It’s not often that you hear from a dental industry insider that the profession must change in order to survive.

Two factors are forcing the dental industry to re-evaluate itself. First, millions of Americans lack access to dental care. Second, the dental sector is experiencing a slowdown in spending and predicting sluggish growth for decades to come. Combined, these market forces are producing a philosophical shift, according to a top official at the American Dental Association (ADA).

Speaking about the the tectonic forces bringing long-term change to the profession At a dental trade alliance meeting earlier this year, Dr. Marko Vujicic, managing vice president for the ADA’s Health Policy Resources Center, detailed how demographic realities and market forces are culminating in “a watershed moment for the dental sector.”

Dr. Vujicic notes that total dental care spending per capita began to slow in 2002 before flattening in 2008 . It’s not expected to pick up any time soon. As a result, providers are under growing pressure to increase their efficiency and improve profitability.

The system’s current inefficiencies are making dental care unaffordable for millions of Americans. In order to suervive, dentists must learn to adapt because dental care is the second most expensive out-of-pocket cost for consumers, causing many people to skip visits to the dentist. The ADA estimates 181 million Americans went without dental care in 2010. With more adults bypassing routine dentist visits they are turning to the emergency room for care when problems arise, which is costing states and taxpayers. A Pew Center on the States report,  A Costly Destination, estimated that 830,590 Americans, an 16% increase from 2006, visited the emergency room for preventable dental care.

To compensate for the falling number of visits from people who can no longer afford care, dentists are seeing more Medicaid patients. While this is a positive development, it’s likely unsustainable because most dental practices are challenged to serve Medicaid enrollees under current reimbursement rates.

Those rates are unlikely to increase, given budget constraints in most states, and ultimately, raising Medicaid rates would not solve the dental access crisis. An independent study found that “the behavioral impact of raising Medicaid reimbursement rates is disappointingly small.”

Due to the spending slowdown and the high out-of-pocket costs for dental care, providers are under growing pressure to increase their efficiency and improve profitability. The dental industry needs to find innovative ways to improve efficiency and deliver more cost-effective care. A very promising and evidence-based innovation would allow dental therapists to join the dental team. Dental therapists are mid-level dental providers in underserved communities. They are rigorously trained to provide culturally competent routine and preventive care in community settings.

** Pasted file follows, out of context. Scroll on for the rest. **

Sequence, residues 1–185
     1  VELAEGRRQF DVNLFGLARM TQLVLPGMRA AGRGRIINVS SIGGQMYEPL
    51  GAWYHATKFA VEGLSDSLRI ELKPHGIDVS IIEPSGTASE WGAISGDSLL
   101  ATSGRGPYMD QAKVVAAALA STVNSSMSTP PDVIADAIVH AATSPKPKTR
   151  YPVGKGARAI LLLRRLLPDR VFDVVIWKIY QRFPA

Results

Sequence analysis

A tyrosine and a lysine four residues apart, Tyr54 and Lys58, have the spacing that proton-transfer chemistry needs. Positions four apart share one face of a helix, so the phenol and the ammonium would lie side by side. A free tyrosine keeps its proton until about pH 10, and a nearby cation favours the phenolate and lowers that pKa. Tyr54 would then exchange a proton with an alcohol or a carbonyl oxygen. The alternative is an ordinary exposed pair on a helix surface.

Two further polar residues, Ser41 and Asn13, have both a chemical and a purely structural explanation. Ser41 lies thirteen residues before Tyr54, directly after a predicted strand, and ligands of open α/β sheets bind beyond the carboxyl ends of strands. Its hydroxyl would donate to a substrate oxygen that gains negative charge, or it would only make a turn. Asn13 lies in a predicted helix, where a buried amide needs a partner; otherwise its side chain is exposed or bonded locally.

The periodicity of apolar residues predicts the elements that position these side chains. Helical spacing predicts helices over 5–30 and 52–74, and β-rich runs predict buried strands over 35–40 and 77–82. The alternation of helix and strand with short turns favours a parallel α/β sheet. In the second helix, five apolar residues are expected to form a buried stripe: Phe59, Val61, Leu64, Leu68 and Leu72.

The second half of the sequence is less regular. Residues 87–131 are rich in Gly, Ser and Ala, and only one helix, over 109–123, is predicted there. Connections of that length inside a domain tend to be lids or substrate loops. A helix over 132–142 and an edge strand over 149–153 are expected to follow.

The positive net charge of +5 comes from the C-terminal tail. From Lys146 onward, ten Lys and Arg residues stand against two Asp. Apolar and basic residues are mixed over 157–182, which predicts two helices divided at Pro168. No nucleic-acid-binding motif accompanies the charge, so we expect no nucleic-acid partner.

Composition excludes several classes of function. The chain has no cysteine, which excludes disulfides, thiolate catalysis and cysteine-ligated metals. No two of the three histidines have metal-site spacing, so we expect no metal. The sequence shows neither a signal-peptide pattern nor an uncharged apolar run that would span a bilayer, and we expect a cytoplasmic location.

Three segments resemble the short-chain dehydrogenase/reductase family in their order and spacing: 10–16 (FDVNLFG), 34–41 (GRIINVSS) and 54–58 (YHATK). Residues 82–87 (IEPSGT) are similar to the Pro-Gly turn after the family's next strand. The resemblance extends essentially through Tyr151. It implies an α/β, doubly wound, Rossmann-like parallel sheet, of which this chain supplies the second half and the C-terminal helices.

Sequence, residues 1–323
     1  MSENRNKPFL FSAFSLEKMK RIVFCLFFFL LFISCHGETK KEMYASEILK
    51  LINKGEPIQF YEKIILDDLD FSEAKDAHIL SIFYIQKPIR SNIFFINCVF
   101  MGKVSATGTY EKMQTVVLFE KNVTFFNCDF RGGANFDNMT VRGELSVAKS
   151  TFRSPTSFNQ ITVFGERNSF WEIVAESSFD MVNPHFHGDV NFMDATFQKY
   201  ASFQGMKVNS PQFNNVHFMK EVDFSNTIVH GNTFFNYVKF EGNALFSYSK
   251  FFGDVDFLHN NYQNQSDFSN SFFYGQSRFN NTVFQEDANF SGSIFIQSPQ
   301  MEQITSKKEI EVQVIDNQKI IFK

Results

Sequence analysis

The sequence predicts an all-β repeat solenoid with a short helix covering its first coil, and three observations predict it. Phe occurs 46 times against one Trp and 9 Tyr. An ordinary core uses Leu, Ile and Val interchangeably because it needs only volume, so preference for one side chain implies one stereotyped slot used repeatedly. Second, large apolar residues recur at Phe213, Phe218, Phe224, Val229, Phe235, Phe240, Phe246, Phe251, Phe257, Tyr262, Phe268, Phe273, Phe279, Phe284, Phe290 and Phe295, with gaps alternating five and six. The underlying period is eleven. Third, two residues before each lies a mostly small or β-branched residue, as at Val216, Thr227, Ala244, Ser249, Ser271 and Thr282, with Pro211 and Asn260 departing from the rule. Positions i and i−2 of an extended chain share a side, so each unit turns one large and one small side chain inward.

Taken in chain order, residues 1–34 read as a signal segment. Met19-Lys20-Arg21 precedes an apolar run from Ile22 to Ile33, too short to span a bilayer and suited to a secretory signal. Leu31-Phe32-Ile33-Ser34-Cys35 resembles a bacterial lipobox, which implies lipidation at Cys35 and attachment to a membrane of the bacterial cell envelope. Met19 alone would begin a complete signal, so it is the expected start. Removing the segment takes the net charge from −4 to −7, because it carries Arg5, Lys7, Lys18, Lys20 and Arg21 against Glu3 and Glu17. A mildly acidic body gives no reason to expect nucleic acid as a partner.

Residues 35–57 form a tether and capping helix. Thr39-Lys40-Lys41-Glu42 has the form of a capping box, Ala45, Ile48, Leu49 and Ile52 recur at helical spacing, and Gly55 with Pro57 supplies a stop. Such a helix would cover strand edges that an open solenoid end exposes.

As detailed in our recent report, dental therapists practicing in Alaska and Minnesota are showing how to do more with less. They provide cost-effective, routine and preventive dental care to traditionally underserved Medicaid, rural, and tribal populations.

According to the report:

  • Eighty-five percent of the care dental therapists provide is routine and preventive.
  • Dental therapists cost their employers less than 30 cents for every dollar of revenue they generate.
  • Seventy-eight percent of dental therapists’ patients in Minnesota were publicly insured and most were under 21. In Alaska, 66 percent of patients served by dental therapists were under 21.

Dental therapists offer a solution to the industry’s need to deliver cost-effective care to underserved communities. Expanding this model will allow dentists across the country to bring a new, financially viable provider to their businesses and generate additional revenue by expanding care to populations that currently aren’t getting it.

Changing the status quo and overcoming misguided opposition to dental therapists from within the dental industry will be difficult, but market forces inevitably will prevail. Although Dr. Vujicic was not speaking about dental therapists specifically, he understands that new approaches are needed:

“Getting out of the status quo mentality is essential for this profession to survive,” he said. “We don’t have time for turf wars. We’ve got to get on the same page, get an advocacy agenda everyone can agree on and we have to push it through.”

As advocates for better oral health care access, our job is to elevate awareness of the access to oral health care crisis and educate policymakers and dentists alike that dental therapists are a common-sense, evidence-based approach to making the dental delivery system more efficient and cost-effective. More importantly, they can help increase access to care for the millions of Americans who are suffering from untreated oral disease.

Our voices are being heard. Today, Senator Sanders and Senate HELP Committee will be holding a hearing on the escalating cost of care to and growing access problems in the country. You can view the hearing at 10am online and continue promote the need for more affordable oral health care.